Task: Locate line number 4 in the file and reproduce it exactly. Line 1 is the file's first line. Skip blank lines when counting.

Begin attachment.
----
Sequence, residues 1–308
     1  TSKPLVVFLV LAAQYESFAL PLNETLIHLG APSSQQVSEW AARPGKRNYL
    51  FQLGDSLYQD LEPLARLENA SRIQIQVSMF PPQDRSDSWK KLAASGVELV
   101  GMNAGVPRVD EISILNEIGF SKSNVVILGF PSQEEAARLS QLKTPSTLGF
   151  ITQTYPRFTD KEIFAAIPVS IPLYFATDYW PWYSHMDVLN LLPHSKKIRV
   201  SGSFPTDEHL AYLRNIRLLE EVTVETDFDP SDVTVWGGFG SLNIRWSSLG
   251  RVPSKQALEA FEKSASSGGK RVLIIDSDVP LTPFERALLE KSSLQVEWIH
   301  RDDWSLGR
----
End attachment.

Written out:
   101  GMNAGVPRVD EISILNEIGF SKSNVVILGF PSQEEAARLS QLKTPSTLGF